The Taipei Times was the only one to report on this today among the English papers. Apparently there is a law that was even more important than the CEC bill or the annual budget, so the KMT made it a top priority:
In other words, the amendments had a single purpose: to curry favor with the current secretary-generals, who obviously pull a lot of weight among the Farmers' Associations and Fishers' Associations in each county. The KMT's people hold 70% of these offices nation-wide!
The pan-blue camp proposed amendments to the Farmers' Association Law (農會法) and Fishers' Association Law (漁會法), which both cleared the legislature yesterday.
The revised amendments canceled the three-term limits for secretary-generals with the associations and lowered requirements for them to renew their employment.
They also stipulated that association staff standing trial would not be relieved of their posts until a final verdict was delivered in their cases.
The goal is to help those secretary-generals to wield significant long-term power, which makes them good friends and easier to buy off, and to help protect them from prosecution in the cases where they are involved in shady deals. And they often are: "In the 2001 farmers' association election, 555 cases of vote-buying, violence, and violation of the election laws, involving 951 people, were sent to the court, an increase of 157 cases (42 people) compared with the 1997 election."
The blues also managed to push through this:
Meanwhile, the pan-blue camp yesterday also triumphed in a vote on amending the Audit Law (審計法) which is aimed at clearing embezzlement allegations against KMT presidential candidate Ma Ying-jeou (馬英九), to a second reading.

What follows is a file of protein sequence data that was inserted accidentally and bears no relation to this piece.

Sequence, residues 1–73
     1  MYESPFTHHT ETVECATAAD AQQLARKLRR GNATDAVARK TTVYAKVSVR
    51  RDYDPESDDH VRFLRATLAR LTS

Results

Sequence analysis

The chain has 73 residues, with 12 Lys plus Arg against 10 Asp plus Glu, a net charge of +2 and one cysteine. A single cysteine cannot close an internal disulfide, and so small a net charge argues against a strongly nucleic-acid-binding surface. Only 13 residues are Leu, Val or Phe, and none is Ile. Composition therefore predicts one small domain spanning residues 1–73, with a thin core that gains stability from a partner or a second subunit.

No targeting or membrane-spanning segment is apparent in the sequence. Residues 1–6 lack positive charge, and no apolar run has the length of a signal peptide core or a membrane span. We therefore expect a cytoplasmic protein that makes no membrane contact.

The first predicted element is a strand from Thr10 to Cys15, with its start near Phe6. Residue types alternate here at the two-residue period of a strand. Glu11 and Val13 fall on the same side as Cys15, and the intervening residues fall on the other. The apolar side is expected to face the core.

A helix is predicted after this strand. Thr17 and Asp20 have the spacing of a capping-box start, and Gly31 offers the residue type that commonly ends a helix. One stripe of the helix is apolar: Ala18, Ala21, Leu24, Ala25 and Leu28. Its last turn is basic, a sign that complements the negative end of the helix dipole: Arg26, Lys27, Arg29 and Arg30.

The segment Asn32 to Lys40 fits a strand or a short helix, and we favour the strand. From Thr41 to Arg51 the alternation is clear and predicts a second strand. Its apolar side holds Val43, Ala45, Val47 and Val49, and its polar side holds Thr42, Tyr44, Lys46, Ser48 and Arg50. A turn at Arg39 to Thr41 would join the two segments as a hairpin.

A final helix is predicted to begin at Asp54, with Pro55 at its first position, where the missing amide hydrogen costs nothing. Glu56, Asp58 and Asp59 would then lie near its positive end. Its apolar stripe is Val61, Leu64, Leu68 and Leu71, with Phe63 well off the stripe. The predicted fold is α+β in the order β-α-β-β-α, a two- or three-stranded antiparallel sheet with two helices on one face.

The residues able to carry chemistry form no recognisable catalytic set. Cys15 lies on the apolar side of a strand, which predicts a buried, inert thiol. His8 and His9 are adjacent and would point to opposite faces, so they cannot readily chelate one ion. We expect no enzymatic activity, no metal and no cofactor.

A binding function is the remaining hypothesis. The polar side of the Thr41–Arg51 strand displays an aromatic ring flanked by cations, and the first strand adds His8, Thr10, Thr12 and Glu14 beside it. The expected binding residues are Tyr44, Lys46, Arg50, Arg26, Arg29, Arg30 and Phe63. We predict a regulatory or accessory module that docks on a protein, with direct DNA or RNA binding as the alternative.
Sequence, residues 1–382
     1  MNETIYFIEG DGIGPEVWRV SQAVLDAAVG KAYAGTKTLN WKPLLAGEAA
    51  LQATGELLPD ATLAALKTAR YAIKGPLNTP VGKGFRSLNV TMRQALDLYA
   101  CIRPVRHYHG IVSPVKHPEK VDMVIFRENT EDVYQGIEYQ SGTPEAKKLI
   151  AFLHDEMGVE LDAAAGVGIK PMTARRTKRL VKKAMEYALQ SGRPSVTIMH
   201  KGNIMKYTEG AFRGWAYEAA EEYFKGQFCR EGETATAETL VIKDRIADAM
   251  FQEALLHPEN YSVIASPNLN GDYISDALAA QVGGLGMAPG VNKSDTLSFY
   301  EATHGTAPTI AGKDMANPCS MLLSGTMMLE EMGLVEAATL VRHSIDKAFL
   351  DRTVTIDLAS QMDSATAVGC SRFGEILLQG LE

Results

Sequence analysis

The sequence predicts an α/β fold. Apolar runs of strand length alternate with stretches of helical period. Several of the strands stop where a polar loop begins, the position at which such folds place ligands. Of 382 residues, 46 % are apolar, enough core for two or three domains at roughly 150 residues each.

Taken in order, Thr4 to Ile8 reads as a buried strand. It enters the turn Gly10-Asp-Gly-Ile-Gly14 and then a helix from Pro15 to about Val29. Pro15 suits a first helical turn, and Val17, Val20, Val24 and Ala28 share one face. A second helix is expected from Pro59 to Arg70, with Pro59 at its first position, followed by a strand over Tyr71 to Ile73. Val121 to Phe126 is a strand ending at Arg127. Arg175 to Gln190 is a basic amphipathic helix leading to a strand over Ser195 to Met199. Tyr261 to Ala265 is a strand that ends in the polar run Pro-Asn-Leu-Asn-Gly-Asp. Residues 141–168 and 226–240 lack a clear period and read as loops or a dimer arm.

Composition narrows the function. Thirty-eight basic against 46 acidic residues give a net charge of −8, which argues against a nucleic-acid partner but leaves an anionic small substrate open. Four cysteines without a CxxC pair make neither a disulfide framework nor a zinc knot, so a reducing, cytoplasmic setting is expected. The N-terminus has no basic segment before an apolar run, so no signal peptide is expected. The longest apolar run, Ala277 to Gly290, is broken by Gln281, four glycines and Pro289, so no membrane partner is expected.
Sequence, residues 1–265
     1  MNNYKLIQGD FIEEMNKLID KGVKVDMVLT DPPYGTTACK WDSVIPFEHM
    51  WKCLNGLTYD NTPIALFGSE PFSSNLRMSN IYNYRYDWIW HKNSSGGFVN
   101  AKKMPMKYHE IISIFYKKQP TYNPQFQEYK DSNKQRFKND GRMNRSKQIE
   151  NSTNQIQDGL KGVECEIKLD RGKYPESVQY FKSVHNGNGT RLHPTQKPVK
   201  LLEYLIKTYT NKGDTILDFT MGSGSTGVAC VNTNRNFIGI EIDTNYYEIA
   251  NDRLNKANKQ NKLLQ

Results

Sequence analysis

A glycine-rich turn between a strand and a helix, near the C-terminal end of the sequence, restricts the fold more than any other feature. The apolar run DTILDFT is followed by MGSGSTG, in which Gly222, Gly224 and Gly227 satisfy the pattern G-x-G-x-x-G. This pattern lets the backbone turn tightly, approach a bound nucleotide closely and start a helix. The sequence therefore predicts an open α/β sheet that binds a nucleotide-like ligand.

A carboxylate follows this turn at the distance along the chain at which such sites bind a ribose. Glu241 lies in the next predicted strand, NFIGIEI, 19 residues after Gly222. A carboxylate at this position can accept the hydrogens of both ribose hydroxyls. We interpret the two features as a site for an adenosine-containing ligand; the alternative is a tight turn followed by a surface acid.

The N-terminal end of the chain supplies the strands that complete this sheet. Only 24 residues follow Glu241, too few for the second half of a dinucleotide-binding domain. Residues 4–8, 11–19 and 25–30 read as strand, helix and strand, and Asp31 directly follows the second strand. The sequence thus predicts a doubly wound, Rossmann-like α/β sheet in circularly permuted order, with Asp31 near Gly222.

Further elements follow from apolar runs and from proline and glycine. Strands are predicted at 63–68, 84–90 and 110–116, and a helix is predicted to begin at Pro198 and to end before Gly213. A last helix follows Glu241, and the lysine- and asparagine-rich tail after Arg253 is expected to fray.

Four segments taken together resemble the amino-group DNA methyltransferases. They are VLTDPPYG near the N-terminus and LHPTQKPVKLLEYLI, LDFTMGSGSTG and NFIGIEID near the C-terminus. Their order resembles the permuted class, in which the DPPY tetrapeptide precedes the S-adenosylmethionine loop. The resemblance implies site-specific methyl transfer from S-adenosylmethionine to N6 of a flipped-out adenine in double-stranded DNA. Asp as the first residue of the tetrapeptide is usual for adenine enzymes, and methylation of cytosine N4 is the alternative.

Ma was indicted on corruption charges after he allegedly wired half of his monthly special allowance fund directly into a personal account during his term as Taipei mayor from 1998 to last year.
The amendment says that all special allowances claimed by officials by the end of last year should be seen as "substantial subsidies" so decriminalizing the case.
Also yesterday, an amendment to the President and Vice President Election and Recall Law (
總統副總統選舉罷免法), calling for the establishment of an absentee voting system and putting a ban on holding national elections and referendums on the same day was sent to second reading.
While amending the audit law probably won't be able to affect the course of Ma's case (after all, I don't think you can really do this stuff ex post facto), the progress of the recall law amendment is a demonstration their unadulterated of the party assets referendum being held on the same day as the presidential election because it might focus attention on the KMT's theft of massive amounts of private and public property. Holding referendums and elections together is, after all, quite normal, as well as cost-saving. It simply doesn't benefit the KMT in this case, and they fear referendums in general anyway.
I wouldn't say the KMT is getting desperate; I think they're playing every card they have to try and win in '08, though just how successful the moves will be remains to be seen.